For 40 years, John Miczek has been growing produce at Breezy Gardens in Spencer, Mass.
Over the years he says he’s seen the climate change. The growing season is a few weeks longer now; some years it pours and others it’s dry.
“It was dry early. I’ve never pumped as much water in May and June as we did this year,” Miczek said. “Usually this is the time of year, July is when you are usually pumping all the water.”
After a severe drought in 2017, the farm received funds to upgrade to a more efficient irrigation system. Drip or trickle irrigation, as it’s called, waters at the roots of the plants. Miczek says this year their crops are thriving despite mild drought conditions in the area, but they are feeling the cost of doing business.
“Even with the updated irrigation systems it still takes man hours to set up and it still takes fuel to operate pumps, operate tractors to move equipment,” Miczek said. “As everybody is feeling the pinch with fuel, we are also seeing that ourselves so it definitely adds to the cost of production which we try to absorb as much as we can but in the long run, we have to recover some of these costs and we have to get more for our product.”
A reliable water source is crucial as Massachusetts experiences drought more often and more intense in the form of flash droughts.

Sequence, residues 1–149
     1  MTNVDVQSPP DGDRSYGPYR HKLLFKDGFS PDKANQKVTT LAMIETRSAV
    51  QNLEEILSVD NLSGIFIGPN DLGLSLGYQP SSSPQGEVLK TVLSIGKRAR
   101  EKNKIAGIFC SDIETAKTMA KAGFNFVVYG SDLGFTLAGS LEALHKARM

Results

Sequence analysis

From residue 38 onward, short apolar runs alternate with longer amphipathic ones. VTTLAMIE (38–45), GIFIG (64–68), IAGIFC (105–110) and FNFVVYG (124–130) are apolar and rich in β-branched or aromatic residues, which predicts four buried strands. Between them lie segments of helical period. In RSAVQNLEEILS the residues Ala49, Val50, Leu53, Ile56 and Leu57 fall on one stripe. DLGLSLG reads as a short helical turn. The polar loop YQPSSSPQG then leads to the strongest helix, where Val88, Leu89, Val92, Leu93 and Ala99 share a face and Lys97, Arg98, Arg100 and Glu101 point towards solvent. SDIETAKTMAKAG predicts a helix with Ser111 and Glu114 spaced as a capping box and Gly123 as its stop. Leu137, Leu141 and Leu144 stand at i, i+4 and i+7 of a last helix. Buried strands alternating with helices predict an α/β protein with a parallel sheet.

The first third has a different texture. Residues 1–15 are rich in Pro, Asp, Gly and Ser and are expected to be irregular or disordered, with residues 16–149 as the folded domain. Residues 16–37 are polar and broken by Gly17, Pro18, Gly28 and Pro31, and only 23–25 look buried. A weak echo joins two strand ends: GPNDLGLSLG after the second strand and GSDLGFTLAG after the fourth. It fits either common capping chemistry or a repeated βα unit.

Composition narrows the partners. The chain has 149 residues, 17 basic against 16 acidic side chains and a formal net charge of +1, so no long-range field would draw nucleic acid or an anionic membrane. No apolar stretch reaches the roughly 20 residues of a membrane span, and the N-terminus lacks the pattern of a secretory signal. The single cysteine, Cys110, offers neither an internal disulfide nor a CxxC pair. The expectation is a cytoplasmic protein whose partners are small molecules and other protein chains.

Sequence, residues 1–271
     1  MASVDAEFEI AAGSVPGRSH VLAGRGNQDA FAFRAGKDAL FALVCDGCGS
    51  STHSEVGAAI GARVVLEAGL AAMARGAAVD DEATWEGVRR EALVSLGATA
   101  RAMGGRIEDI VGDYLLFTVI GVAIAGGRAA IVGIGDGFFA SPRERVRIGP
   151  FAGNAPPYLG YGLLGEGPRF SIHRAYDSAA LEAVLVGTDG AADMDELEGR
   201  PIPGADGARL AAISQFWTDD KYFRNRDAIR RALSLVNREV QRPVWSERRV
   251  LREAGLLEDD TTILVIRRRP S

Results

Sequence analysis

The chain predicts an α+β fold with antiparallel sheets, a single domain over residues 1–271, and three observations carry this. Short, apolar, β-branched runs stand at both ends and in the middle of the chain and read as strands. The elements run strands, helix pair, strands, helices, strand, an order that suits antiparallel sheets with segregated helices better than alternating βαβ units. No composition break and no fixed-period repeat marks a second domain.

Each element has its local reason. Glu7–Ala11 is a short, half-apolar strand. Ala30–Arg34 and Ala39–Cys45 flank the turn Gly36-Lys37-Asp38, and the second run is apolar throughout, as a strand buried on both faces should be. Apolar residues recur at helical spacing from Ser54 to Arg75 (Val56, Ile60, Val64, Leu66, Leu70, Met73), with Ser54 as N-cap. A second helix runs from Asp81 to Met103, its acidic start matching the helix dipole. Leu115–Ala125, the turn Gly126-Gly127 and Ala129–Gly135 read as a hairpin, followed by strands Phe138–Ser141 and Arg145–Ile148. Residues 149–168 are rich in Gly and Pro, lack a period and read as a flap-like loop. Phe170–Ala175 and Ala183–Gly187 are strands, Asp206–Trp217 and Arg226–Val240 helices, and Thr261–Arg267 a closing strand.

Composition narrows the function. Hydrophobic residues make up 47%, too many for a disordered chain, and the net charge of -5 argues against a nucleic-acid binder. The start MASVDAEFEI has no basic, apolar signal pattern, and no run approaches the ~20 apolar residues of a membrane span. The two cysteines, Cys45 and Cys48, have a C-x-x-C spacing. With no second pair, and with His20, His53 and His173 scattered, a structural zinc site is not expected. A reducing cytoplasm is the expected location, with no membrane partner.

“It's a fairly new term,” explained Vandana Razo, Water Policy Director for the Executive Office of Energy and Environmental Affairs. “Like a flash flood, we see flash droughts where usually drought is a slow-moving condition but we're starting to see conditions of drought moving much more quickly and intensifying much more quickly as well.”
Following lower than normal rainfall this spring, the department announced that conditions have deteriorated in many regions of the state and declared a Level 2 Significant Drought in the Northeast and Southeast Regions, a Level 1 Mild Drought in the Connecticut River Valley, the Central and Islands Regions.
“The Northeast region of the state – so Essex County up to the Merrimack River, the north/northeast corner of the North Shore – that area has jumped to drought levels in the past month so they were at normal conditions and now they are level two significant drought. That kind of jump is unprecedented,” said Katharine Lange, policy specialist for Massachusetts Rivers Alliance.
She says intensifying droughts pose a threat to rivers in the region, such as Ipswich River, which was deemed endangered due to excessive water withdrawal.
“We see record low flows, we see fish kills, we see impacts to recreation and other wildlife that otherwise thrive in that river,” Lange said.
Danvers is among communities implementing water restrictions in response to the drought status.
EEA urges residents and businesses to limit outdoor watering to no more than one day a week – before 9 a.m. or after 5 p.m. only – in areas experiencing Mild Drought and in areas experiencing Significant drought to limit outdoor watering to hand-held hoses or watering cans, before 9 a.m. or after 5 p.m.
“Doing our part now with what we can do as an individual level really helps ensure that we have enough water in our pipes in our systems to help combat fires to help in times when we’ll get perhaps even less precipitation,” Rao said.